After a rough start in which he batted below .200 and struck out in over 40 percent of his plate appearances after joining the Yankees, Judge turned things around and helped get his team off to a fast start in 2017 with 10 homers in April alone, tying the rookie record for the month. He then broke the legendary Joe DiMaggio’s team record for most round trippers by the All-Star break with 30, including one that measured at 495 feet. His mounting popularity enabled him to receive more All-Star votes than any American League player and to the creation of the "Judge's Chambers" section located in the right-field stands of Yankee Stadium. Judge's momentum next led to him winning the 2017 Home Run Derby where he smashed a total of 47, four of which traveled more than 500 feet. It's no wonder that baseball commissioner Rob Manfred has said that Judge is a player "who can become the face of the game." In Aaron Judge: The Incredible Story of the New York Yankees' Home Run-Hitting Phenom, David Fischer brings the exciting story of the Yankees' newest superstar to life.
This is the latest book in a new series published by Butterworth-Heinemann in association with PLANT ENGINEERING magazine. PLANT ENGINEERING fills a unique information need for the men and women who operate and maintain industrial plants. It bridges the information gap between engineering education and practical application. As technology advances at increasingly faster rates, this information service is becoming more and more important. Since its first issue in 1947, PLANT ENGINEERING has stood as the leading problem-solving information source for America's industrial plant engineers, and this book series will effectively contribute to that resource and reputation.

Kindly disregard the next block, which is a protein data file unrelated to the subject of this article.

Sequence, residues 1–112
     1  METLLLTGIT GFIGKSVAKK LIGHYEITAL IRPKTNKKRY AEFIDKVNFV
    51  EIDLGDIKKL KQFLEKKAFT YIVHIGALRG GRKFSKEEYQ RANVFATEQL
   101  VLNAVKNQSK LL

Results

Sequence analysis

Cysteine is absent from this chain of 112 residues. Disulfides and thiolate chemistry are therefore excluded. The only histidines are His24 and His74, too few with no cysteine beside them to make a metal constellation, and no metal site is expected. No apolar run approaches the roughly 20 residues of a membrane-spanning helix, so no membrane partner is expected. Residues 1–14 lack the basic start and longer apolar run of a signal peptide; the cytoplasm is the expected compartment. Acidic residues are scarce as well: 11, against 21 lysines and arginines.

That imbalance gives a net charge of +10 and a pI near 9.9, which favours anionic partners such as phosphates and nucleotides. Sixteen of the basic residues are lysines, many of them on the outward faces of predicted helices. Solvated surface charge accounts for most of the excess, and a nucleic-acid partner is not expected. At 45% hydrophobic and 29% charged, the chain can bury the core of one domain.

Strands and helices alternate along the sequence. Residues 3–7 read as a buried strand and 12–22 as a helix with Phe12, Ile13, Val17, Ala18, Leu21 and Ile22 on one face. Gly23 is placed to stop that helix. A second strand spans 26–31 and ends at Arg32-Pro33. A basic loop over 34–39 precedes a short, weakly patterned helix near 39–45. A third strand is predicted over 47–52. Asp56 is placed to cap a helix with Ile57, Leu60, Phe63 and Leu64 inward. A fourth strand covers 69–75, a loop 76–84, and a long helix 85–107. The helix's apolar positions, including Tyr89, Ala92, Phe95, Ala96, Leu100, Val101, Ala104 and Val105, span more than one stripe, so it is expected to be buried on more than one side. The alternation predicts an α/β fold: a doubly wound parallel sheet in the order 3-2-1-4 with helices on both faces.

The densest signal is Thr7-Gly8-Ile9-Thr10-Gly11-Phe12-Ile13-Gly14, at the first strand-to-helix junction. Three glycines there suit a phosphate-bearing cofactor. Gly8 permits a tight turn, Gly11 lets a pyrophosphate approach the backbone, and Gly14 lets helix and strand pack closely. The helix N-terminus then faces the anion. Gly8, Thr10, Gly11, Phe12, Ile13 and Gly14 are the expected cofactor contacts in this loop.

Provides information essential to industrial troubleshooting investigations
Describes the methods of root cause failure analysis, a hot topic in maintenance engineering
Includes detailed equipment-design guidelines
"Excellent." --San Francisco Chronicle
"Brotopia is more than a business book. Silicon Valley holds extraordinary power over our present lives as well as whatever utopia (or nightmare) might come next." --New York Times
Silicon Valley is a modern utopia where anyone can change the world. Unless you're a woman.